Campbell is increasing debt

Vancouver Sun

Face it, we’re going into hock to get the golden decades’ new subways, buses and hospitals

By Miro Cernetig


Premier Gordon Campbell may have declared “the fiscal cupboard is bare and currently hangs on a wall of deficit spending” in last week’s throne speech. But that doesn’t mean he won’t be spending billions of dollars on infrastructure, some of it sped up to goose the shrinking economy.

In the budget update for 2009, the government is promising to spend $21.6 billion building everything from new bike paths to hospitals and the ever-promised Evergreen rapid transit line.

It pretty much means Campbell is sticking by his earlier promise to spend on public transit, most notably the $14 billion, 10-year rapid transit plan for British Columbia.

But it’s a bit murky, however, where all that money will come from for all those new buses and trains.

For example, the budget says over the next three years the province is kicking in $249 million for the Evergreen Line, along with $454 million from Ottawa. But Finance Minister Colin Hansen offered no hint of how TransLink, the agency running Metro Vancouver’s public transit system, will raise its share. The agency says it needs $450 million more a year to make the premier’s public transit dream a reality.

One thing that is crystal-clear, though, is the bulk of the infrastructure promised will in the end be realized by going much deeper into debt. The provincial debt load will go from $38 billion in 2008-09 to a record $52.8 billion by 2011-12.

That’s a big number.

In 2011-12, when the provincial debt will soar past the $50-billion mark, all of the provincial government’s revenues will amount to $41.1 billion. That’s a shortfall of more than $10 billion. In a sense, the province is creating what is called a structural deficit when it comes to infrastructure — that is, there’s no sign that it can ever be built without floating it all on an ever-deeper sea of red ink.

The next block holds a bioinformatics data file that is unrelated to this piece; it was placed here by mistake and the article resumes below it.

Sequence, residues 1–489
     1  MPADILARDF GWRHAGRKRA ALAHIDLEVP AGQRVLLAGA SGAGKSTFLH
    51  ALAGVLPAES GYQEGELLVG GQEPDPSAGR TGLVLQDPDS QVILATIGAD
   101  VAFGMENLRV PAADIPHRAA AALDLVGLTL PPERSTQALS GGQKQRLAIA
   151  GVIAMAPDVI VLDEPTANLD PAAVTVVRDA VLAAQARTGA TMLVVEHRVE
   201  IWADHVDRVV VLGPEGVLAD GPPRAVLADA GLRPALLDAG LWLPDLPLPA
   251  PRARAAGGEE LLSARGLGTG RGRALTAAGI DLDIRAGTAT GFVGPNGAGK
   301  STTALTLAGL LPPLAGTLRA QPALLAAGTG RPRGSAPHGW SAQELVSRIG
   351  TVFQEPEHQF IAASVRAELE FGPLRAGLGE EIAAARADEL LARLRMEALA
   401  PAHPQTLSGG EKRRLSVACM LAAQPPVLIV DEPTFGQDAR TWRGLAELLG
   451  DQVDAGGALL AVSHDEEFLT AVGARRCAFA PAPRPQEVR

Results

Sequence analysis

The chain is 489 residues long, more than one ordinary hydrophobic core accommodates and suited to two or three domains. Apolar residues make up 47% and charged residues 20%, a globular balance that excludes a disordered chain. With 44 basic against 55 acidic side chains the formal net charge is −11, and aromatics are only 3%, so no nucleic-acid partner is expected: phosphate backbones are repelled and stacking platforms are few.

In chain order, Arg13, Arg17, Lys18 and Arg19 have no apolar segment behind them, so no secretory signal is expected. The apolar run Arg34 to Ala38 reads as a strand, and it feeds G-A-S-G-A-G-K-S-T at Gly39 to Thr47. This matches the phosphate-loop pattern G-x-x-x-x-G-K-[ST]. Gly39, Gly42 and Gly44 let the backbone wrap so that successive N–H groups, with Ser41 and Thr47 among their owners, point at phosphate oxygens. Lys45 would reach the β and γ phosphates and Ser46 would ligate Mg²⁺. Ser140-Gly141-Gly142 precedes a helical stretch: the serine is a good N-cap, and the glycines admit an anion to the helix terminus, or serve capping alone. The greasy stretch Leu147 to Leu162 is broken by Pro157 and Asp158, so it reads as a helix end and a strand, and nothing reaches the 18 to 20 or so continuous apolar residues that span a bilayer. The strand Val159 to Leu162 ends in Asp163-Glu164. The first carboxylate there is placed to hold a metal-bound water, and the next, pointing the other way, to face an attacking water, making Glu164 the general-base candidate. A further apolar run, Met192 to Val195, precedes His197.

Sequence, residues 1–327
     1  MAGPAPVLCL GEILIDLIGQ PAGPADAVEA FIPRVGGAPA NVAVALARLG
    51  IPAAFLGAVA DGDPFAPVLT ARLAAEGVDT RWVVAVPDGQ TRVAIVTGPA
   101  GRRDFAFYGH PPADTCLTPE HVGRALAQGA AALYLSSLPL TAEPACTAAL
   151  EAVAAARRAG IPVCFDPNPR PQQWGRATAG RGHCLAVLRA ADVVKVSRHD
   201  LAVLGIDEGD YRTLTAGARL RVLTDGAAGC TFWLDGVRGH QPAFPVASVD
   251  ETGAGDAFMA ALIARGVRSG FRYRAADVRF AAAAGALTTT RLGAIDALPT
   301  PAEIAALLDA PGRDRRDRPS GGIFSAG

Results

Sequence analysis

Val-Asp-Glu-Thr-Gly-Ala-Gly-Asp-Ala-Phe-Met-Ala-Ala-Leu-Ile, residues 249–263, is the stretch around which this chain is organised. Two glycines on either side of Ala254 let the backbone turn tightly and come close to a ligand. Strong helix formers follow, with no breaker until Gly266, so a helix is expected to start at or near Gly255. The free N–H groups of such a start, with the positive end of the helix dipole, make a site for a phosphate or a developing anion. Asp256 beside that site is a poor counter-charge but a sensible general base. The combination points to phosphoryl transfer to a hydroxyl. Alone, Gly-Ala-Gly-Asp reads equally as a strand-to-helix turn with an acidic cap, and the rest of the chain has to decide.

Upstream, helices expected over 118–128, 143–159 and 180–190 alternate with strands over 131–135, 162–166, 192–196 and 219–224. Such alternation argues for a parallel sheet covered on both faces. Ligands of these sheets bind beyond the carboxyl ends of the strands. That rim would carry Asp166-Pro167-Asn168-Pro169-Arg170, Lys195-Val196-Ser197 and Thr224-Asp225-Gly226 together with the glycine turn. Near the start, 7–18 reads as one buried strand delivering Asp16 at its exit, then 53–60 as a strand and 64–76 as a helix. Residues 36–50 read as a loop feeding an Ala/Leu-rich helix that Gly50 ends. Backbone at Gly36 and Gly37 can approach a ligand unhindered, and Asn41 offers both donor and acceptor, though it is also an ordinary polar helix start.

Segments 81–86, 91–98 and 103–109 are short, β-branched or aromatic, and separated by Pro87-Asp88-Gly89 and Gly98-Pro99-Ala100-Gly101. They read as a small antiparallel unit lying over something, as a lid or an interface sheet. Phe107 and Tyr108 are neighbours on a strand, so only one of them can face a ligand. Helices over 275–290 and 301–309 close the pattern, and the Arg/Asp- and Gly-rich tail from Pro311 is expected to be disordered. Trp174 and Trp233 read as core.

Part of the new debt is Olympic-related, too. The budget update informs us that in order to have Ottawa pay the $900-million security bill to hold the Games, the province agreed to pump an extra $165 million into federal-provincial infrastructure projects, in essence a federal clawback.

The government prefers to look at this deepening sea of red ink to keep our cities and towns working with a more flattering lens, though. It wants the debt compared to the size of the total economy. Using that ratio, taxpayer-supported debt will go from 13.3 per cent of the economy this year, to 18.1 per cent in 2011-12.

Obviously that’s not a good trend. But count on the Liberal government reminding us it is still a smaller debt burden than during “the dismal decade,” as they call it, when New Democratic governments took the debt load to 21.3 per cent of the economy.

Don’t get lost in the numbers and political rhetoric, though.

What’s happening is simple. Campbell, despite his stated aversion to debt, is increasing it. He’s gone from fiscal conservative to being a classic Keynesian, going into hock to stimulate the economy out of the doldrums and, it is hoped, create growth that will get us back in the black.

The upside of this is we get the shiny new infrastructure that Metro Vancouver and the province badly need. If there’s one message from this budget update, it’s that there seems to be no appetite for any major delays in these projects, something that was a distinct possibility given the deep downturn in the government’s revenues during the recession.

All the spending also means jobs. Thousands of them, all connected to building that infrastructure.

Finance Minister Colin Hansen promised in the first phase that “the projects approved to date are expected to create 21,600 direct jobs. … Over three years, we expect to see a total of 88,000 jobs — jobs that pay bills and put food on the table.”

Even with that multi-billion-dollar splurge on capital spending, however, we’re not exactly going to be back into “the golden decade,” as the premier calls his plans for British Columbia, any time soon.

The government predicts the unemployment rate will rise to 8.3 per cent in 2010, and slowly reach seven per cent in 2013, just in time for the next provincial election.

By then, we and the premier will have lots of shiny new infrastructure to boast about — and a provincial debt that will be $59.9 billion, with no decline in sight. In the “golden decade,” unless new ways are found to capitalize infrastructure, British Columbia’s fiscal cupboard will look barer than ever.

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